If you remember Roald Dahl’s books from your childhood- The BFG, Charlie and the Chocolate Factory, The Witches– this show will bring back beloved memories. If you don’t, it will open up a whole new world. Matilda the Musical, adapted by Dennis Kelly and Tim Minchin, is a gem of a new show, smart, hilarious and touching.  It stars precocious 5-year-old Matilda, whose extraordinary intelligence and imagination allow her to fight her way out of an apathetic home life and rescue her school from a tyrannous principal.  It opened in London in 2011 and on Broadway in 2013, winning seven Olivier awards and 5 Tonys.  It has a quintessentially British charm, but its playful sweetness and tender depictions of childhood and growing up are universal. Musical highlights include Matilda’s philosophy, ‘Naughty’, the epic dance number ‘Loud’ performed by her mother, and the gorgeously resonant Act 2 opener, ‘When I Grow Up’.

One of the best things about this show is the star opportunities it gives to amazing young performers. The role of Matilda is rotated between four actresses aged 9-11; she carries the show so much that eight performances a week would be impossible. This show also brought the incredible Lesli Margherita to Broadway, for which we are eternally grateful.  (If you’re ever bored, watch her vlogs here. They’re hilarious. )  This is a great show for kids, but also so much more. With an intelligent book, delicately beautiful score and wicked sense of humour, it seems likely to run on Broadway for a long time, and definitely deserves a listen.

Improv on Fire Recap

Roanne Andaya, Staff Writer

Edmonton is an amazing city for fine arts. We have awesome theatres across the city that host Broadway musicals and community shows throughout the year, and many people who have the potential to become great actors, singers and artists are discovered, some of whom are found in Edmonton’s own high schools. One of the festivals that encourage high school fine arts is the Wildfire Improv tournament that happens annually during the last few weeks of February.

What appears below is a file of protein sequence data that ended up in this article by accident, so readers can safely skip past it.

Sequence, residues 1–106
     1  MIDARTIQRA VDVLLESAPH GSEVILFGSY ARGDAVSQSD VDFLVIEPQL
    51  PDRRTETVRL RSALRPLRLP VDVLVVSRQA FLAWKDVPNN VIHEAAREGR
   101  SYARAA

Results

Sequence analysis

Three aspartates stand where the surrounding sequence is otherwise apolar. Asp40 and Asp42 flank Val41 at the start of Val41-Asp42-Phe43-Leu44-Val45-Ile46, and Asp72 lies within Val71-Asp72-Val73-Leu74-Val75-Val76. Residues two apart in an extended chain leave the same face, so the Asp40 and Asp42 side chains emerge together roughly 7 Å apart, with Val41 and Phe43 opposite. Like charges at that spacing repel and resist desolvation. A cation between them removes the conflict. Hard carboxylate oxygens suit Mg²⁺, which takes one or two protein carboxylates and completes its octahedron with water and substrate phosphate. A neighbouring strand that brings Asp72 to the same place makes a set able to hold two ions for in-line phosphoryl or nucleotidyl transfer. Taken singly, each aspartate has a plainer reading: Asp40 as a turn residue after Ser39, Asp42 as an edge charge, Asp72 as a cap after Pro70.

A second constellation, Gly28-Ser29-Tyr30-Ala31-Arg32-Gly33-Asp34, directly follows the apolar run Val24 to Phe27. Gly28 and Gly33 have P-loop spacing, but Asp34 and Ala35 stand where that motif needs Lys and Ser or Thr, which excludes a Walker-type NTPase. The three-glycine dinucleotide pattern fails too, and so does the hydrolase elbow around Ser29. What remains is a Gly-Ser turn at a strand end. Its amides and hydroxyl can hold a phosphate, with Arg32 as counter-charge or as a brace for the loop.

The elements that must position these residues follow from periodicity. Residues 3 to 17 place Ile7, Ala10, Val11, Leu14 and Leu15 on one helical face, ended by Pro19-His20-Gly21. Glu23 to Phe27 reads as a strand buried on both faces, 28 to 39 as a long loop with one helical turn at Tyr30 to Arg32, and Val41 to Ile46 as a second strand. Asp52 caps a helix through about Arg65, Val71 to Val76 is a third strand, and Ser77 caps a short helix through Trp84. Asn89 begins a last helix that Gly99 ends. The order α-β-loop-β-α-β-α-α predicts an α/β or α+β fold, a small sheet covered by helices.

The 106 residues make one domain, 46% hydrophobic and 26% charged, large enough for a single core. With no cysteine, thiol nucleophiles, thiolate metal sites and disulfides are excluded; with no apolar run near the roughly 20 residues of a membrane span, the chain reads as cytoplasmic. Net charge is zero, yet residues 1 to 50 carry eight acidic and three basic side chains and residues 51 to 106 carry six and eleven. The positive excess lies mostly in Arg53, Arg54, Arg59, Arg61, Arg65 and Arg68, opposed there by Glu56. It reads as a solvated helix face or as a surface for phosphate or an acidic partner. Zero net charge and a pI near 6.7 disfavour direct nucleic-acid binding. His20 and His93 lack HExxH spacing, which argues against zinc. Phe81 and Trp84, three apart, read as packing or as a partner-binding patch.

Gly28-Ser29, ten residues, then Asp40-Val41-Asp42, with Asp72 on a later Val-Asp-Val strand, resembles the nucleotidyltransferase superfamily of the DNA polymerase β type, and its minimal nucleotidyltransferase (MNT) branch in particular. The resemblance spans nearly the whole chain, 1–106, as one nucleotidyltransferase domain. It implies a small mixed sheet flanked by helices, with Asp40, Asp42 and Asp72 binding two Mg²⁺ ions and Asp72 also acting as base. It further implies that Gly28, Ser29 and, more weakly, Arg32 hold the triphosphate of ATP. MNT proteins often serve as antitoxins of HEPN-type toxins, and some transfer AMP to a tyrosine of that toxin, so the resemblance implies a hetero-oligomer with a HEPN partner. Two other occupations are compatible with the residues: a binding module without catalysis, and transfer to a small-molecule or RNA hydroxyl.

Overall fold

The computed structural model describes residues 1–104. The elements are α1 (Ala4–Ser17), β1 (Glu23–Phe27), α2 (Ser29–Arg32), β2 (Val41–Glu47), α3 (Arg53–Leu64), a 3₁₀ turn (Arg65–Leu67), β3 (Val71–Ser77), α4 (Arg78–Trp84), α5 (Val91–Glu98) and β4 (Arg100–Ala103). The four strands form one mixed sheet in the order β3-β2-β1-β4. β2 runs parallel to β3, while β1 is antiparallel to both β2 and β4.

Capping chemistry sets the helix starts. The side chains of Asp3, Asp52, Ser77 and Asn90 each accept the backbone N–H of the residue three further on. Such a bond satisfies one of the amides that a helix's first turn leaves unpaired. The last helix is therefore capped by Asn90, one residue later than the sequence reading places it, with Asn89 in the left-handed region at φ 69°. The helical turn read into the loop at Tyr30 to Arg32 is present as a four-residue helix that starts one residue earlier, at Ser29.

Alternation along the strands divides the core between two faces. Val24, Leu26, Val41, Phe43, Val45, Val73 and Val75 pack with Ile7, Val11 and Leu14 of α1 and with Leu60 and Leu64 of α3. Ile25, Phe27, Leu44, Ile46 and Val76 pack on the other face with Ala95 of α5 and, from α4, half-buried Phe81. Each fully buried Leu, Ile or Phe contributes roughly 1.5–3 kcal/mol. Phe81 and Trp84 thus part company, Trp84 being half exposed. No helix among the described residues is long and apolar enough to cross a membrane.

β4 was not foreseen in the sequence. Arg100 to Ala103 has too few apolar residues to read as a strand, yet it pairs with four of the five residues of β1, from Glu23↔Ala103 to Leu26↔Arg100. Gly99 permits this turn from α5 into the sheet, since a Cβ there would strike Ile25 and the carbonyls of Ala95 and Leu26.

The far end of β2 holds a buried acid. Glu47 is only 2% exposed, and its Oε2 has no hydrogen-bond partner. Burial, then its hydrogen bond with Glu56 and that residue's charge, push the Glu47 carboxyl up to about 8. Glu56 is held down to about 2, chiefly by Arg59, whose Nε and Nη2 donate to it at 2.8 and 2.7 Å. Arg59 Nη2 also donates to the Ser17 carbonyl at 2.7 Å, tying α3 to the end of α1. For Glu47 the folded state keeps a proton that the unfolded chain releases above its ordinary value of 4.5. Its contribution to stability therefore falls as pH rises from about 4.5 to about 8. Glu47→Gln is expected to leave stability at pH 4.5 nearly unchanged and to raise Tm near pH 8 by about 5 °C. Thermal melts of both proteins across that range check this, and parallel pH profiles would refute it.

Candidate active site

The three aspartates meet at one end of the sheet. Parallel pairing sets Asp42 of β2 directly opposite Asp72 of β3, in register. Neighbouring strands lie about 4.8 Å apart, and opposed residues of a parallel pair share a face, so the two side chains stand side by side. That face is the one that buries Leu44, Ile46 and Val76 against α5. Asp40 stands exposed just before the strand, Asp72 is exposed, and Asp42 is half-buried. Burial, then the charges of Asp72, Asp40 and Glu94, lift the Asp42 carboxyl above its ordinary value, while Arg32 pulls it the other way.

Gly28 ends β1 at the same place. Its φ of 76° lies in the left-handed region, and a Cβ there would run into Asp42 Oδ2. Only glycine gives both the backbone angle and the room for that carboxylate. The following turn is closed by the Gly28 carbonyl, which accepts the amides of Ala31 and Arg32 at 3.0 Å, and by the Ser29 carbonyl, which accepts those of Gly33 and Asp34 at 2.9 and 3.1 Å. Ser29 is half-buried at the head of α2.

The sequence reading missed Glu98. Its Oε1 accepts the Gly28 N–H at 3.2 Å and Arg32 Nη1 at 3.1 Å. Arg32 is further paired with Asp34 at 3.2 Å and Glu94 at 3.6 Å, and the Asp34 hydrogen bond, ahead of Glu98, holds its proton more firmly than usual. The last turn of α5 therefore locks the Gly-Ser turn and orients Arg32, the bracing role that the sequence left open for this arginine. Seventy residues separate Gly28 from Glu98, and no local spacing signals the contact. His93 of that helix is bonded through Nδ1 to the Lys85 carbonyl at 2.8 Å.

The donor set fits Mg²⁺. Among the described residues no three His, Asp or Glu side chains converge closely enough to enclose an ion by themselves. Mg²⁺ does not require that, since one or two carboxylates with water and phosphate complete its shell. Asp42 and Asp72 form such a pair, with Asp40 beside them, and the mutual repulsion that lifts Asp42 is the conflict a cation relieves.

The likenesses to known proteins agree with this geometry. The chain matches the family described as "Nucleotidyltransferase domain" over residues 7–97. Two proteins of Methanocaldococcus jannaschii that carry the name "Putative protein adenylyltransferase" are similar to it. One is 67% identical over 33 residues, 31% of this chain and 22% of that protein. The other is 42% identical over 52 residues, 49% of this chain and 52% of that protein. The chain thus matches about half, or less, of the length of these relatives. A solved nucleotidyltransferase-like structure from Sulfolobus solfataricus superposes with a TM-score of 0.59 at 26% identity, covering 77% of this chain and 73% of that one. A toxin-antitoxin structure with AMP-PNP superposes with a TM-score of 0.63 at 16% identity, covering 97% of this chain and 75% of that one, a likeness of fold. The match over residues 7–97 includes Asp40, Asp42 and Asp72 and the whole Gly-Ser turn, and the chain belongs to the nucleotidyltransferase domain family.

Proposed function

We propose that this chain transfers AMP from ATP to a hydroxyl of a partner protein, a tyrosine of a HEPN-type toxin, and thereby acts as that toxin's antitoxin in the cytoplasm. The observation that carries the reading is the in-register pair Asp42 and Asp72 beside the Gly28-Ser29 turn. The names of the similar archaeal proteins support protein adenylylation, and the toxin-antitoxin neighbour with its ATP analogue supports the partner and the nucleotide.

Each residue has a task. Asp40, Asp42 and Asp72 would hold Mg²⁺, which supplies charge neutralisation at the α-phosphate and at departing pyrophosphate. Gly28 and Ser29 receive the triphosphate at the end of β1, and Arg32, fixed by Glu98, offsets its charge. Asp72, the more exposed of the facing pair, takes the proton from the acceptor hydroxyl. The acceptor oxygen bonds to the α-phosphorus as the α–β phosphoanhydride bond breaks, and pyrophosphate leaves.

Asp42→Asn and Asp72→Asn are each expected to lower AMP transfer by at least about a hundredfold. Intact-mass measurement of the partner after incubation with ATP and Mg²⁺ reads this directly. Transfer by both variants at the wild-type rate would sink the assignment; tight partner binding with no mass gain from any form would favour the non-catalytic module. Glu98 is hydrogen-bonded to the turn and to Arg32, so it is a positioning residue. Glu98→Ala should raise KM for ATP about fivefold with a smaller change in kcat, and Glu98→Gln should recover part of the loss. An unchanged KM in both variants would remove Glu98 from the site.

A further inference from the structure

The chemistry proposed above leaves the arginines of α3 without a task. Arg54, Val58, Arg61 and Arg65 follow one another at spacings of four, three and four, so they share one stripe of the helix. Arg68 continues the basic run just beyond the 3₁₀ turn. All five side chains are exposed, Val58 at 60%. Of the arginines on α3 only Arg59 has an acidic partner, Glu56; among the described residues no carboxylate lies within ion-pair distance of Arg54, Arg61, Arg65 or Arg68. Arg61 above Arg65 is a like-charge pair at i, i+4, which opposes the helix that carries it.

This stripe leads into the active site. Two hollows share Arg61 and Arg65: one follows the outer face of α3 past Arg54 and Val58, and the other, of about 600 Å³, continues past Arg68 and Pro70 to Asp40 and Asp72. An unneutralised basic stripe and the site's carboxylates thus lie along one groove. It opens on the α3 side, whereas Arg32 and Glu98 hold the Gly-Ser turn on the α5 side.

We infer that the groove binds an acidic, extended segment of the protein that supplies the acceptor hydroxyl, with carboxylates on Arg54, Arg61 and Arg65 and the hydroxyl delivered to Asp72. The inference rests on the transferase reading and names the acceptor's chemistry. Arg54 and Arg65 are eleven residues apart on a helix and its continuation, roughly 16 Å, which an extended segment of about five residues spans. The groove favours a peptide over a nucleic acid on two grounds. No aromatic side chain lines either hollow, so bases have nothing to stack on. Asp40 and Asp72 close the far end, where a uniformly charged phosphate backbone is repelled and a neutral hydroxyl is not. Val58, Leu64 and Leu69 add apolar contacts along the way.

Hosted by Rapid Fire Improv and the Citadel theatre, the Wildfire Festival is a sixteen-day improv festival for students in Alberta and the Territories. It consists of three tournaments: The Canadian Improv Games (CIG), the Nosebowl and the Wildfire Junior tournament. The CIG and the Nosebowl are tournaments set specifically for high school teams, while the Wildfire Junior festival is for junior high schools that are new to improv. The high school tournaments each run over a span of six days, while the junior high tournament lasts four. Every year during its ongoing production, the nights are sure to be full of laughter and fun. Continue reading

What the Heck is “Curtains” performed by Grant MacEwan?

Julia Stanski, Editor

Who?